CRN magazine ("Vital Information for VARs and Technology Integrators") released an article today on Sun Grid (Sun's CEO is Jonathan Schwartz) and the Digipede Network (Digipede's CEO is John Powers): Review: Gridlock Alert For Sun Grid?
The article's subhead says it all:
Analysis finds hidden costs in Sun platform, while competing Digipede offering shinesNow, I'm not sure that the Digipede Network is really a competing offering--after all, Sun Grid lets you rent distributed computing on Solaris boxes by the CPU hour, while the Digipede Network lets you use your own Windows machines (without any hourly charges).
The reviewers found was that Sun Grid was extremely difficult to use. "In the end, the Test Center was unable to complete the project as originally planned, even with the help of Sun engineers." Ouch.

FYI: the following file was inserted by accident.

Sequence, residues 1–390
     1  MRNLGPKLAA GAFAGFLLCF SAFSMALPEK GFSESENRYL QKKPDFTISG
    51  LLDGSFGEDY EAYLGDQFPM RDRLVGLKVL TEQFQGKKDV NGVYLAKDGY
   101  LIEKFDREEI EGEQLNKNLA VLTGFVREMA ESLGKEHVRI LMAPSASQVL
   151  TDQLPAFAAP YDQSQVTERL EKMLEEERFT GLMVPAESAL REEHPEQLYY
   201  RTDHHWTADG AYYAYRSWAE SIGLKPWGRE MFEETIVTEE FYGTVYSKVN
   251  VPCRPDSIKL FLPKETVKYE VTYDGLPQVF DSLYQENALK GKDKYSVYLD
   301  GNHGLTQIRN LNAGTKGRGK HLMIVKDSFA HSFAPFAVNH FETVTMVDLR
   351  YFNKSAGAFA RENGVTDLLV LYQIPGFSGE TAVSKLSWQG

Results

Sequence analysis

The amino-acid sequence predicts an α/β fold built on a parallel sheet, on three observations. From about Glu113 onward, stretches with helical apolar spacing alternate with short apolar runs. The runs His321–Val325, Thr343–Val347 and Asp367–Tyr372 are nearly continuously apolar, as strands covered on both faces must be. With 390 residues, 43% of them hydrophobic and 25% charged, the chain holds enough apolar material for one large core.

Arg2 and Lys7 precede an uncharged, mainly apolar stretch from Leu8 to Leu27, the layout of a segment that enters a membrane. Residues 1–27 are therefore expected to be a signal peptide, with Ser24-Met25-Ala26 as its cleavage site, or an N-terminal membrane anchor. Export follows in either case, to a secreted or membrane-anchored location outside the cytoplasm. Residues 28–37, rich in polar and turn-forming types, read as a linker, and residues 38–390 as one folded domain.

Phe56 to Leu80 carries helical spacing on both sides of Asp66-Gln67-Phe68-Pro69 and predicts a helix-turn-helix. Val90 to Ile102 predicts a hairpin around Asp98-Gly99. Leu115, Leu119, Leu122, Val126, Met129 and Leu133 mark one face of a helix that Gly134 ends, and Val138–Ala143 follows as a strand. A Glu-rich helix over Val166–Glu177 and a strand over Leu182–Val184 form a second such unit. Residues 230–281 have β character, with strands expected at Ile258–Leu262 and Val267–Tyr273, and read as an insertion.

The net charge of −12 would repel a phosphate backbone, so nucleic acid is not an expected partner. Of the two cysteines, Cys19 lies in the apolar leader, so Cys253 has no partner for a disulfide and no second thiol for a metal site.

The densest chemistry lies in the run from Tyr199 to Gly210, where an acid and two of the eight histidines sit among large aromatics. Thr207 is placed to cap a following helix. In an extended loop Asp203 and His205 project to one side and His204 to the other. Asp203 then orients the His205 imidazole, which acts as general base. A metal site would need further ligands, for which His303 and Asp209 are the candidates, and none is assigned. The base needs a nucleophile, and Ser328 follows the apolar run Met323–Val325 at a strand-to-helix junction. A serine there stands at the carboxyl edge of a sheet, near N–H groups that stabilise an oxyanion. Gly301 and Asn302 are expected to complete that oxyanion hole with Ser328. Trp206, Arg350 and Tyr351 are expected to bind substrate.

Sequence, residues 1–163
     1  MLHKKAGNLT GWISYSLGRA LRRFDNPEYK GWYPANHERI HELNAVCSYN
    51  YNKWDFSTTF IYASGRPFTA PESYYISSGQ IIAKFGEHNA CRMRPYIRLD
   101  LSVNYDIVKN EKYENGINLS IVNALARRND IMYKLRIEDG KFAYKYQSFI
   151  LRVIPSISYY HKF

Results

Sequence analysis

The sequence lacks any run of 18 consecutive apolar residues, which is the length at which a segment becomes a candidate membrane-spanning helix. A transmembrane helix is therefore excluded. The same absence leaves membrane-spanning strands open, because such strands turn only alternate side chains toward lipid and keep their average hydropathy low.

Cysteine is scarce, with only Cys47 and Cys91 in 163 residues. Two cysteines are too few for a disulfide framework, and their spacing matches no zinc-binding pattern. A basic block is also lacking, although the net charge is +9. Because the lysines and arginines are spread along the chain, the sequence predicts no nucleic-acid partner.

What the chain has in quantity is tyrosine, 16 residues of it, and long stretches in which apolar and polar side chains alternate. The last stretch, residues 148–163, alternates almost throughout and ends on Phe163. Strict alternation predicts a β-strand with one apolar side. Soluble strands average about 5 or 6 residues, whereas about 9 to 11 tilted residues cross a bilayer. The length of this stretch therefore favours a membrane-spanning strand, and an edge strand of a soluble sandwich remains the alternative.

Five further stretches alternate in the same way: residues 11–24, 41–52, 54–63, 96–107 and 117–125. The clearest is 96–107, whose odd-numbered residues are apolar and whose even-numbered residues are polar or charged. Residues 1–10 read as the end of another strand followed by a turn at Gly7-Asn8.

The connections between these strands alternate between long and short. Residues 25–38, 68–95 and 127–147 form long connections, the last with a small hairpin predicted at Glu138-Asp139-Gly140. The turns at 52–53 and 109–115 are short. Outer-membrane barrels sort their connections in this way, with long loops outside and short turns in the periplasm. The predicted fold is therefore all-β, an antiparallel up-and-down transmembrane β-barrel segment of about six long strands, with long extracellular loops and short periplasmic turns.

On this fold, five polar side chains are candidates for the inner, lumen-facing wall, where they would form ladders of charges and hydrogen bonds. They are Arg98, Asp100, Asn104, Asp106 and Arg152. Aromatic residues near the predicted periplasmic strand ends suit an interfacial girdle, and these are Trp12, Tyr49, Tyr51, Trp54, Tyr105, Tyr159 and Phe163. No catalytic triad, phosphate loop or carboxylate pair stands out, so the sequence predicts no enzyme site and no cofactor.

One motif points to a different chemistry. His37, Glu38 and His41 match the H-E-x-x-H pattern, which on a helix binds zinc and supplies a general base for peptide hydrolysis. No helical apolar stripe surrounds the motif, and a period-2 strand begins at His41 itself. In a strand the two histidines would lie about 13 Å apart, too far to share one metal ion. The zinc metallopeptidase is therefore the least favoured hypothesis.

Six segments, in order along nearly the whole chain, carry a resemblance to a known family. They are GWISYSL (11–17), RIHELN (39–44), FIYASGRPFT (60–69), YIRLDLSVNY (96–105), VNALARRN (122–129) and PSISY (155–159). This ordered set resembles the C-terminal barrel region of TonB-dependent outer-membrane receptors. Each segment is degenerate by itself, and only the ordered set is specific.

How about doing the same job using the Digipede Network? "The difference in ease of use in Sun Grid vs. Digipede was enormous."
How so? Well, they didn't have to rewrite their application to use NetBeans--the Digipede Network is just as comfortable distributing command-line executables as it is distributing .NET objects--they just used their existing app. They used the Digipede Workbench Job Wizard to define their job ("developers need not learn how to build scripts"). And the result:
Test Center engineers completed the Digipede job in less than one hour vs. five hours for Sun Grid.Mind you, the five hours they mention aren't the $1 per hour kind: they're talking about human effort time. Expensive time. User time. In less than an hour, they had the Digipede Network up and running their jobs: no recompiling, no relinking, no rearchitecting, and no strange scripting.
One side note: while we love the Microsoft development tools, we know not everyone uses them. In this article, they mention that they built their application using the DOS GNU compiler. We have customers using development platforms as diverse as PHP and Python, as well as many different flavors of Microsoft platforms.